The Ultimate Guide to Securing Small Business Grants
For example, when you apply for a loan, you’ll be charged interest. When seeking investors, many will require that you give up a portion of your company ownership.
However, there’s a funding opportunity in which no interest is charged, and you’ll maintain complete business ownership. This source is small business grants. By learning more about this popular financing option, you can determine if it’s right for your business.
What Are Small Business Grants?
Money is available from various organizations, including federal agencies, state and local governments, and private resources. These funds are in the form of loans and grants and provide funding for specific purposes.
With federal grants, the money is given to organizations or individuals that need capital to accomplish specific goals. Unlike a business loan, this type of funding doesn’t have to be paid back.
While the thought of receiving free money appeals to many, it’s quite challenging to obtain these grants. It isn’t money that can be used for whatever purpose the funding recipient wants. Instead, it must satisfy the objectives of the grant providers.
If you find a grant for your small business, you’ll need to explain how you’ll use the money. In addition, you may be required to follow a rigorous reporting schedule.
Before pursuing a grant, you should compare available grant options. The grant organizations will publish their guidelines, which every applicant should read carefully. The application process can be extensive, so you should avoid applying for grant programs that you don’t qualify for.
Federal Small Business Grants
When potential grant recipients explore government grant programs, they often turn to Grants.gov and SBA.gov.
Unfortunately, government grants for small businesses aren’t easy to come by, as there aren’t many available. Plus, there will be significantly more applicants than there are grants available.
While the Small Business Administration (SBA) has a section on its website for obtaining grants, it redirects users to Grants.gov. That is the central information source for current grants available.
Instead, you may have better luck with the Small Business Innovation Research (SBIR) and Small Business Technology Transfer (STTR) programs. The SBIR is geared towards women and groups deemed to be economically disadvantaged. The STTR is open to most business owners.
For both organizations, the focus is on research and development initiatives between public and private sectors or other research institutions. If your business concept coincides with these organizations’ missions, they may be worth considering.
Many of these grants are for large sums of money. They can start at $150,000 and increase depending on the project and goals of the initiatives.
Small Business Grants at the State and Regional Level
State and regional governments can provide grant money to help spur business development. However, this money can be difficult to obtain. Plus, when funds are available, it requires businesses to meet the objectives or mission of the government initiatives. These initiatives are often for specific tasks that a government agency wishes to achieve.
The SBA provides some grant money, but usually to other funding organizations that are responsible for finding projects to fund. One recent example is when the SBA provided money to the Entrepreneur Fund. This organization is an approved SBA lender but has been tasked with providing capital to disadvantaged entrepreneurs in distressed areas.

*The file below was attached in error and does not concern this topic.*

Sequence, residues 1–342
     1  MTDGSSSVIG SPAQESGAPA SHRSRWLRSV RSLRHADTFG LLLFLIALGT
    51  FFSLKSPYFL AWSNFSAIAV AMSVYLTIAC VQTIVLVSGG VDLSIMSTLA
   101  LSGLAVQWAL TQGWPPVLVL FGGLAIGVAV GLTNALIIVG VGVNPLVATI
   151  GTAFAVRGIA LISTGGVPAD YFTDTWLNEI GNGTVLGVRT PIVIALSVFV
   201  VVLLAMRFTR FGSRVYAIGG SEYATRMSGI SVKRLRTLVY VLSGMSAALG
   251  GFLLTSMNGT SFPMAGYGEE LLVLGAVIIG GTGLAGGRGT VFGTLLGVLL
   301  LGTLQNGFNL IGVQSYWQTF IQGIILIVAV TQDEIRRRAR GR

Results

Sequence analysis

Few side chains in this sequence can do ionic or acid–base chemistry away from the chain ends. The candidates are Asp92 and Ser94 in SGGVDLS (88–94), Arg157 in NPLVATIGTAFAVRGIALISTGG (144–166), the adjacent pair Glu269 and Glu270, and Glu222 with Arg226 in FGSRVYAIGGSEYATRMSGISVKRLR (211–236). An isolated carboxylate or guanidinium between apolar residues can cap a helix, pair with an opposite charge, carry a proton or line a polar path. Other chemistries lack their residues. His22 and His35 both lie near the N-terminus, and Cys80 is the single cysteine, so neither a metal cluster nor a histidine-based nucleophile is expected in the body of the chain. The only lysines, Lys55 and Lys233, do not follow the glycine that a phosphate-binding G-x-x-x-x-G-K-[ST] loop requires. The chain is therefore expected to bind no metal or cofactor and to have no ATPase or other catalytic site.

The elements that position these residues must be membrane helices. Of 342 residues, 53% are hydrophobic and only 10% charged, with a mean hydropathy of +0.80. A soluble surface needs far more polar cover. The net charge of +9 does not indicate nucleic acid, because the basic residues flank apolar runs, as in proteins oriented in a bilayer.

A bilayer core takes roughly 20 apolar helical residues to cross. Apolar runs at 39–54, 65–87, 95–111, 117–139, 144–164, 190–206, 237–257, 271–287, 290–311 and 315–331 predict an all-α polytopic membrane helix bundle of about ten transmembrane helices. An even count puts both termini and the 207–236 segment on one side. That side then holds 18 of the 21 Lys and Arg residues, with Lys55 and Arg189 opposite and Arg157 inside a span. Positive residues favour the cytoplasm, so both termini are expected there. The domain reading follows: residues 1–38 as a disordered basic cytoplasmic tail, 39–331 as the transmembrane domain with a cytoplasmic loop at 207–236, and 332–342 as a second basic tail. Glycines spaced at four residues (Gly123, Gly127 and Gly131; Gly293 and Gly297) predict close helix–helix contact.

The government also has initiatives to help promote exporters, called the State Trade Expansion Program (STEP). It has limited availability and is specific to certain states. However, there’s a division within the program, called the Office of International Trade. This program helps with exporting on a national level.
Small business owners can research programs available at the state level by referencing the United States Economic Development Administration.
Corporate Small Business Grant Options
Many organizations provide funding to small businesses in the form of grants. For example, the National Association for the Self-Employed (NASE) awards one $4,000 grant every month to active members. Only members are eligible to receive these grants based on a needs assessment by the organization.
The credit card company, Visa, also offers grant money for small businesses, called the Visa Everywhere Initiative. The initiative provides funding to small business owners presenting innovative ways to solve payment issues. If you run a technology company that deals with payments, this could be a good funding challenge to explore.
Grants for Business Owners Affected by the COVID-19 Pandemic
Due to the COVID-19 pandemic, many business owners required financial assistance to keep their doors open. Currently, many of these federal government grant programs are no longer accepting applicants. However, some programs may reopen, depending on future conditions.
For example, the Shuttered Venue Operator Grant provided over $16 billion in grant money to shuttered venues. As of August 20th, the SBA is no longer accepting applications.
Small Business Grants for Specific Demographics
Small business grants aren’t readily available to people wishing to start businesses. However, there are demographics that the government may want to promote and offer helpful resources for their businesses. Three of the largest groups are veterans, women, and minorities. Learn more about each of these subsets in the following sections: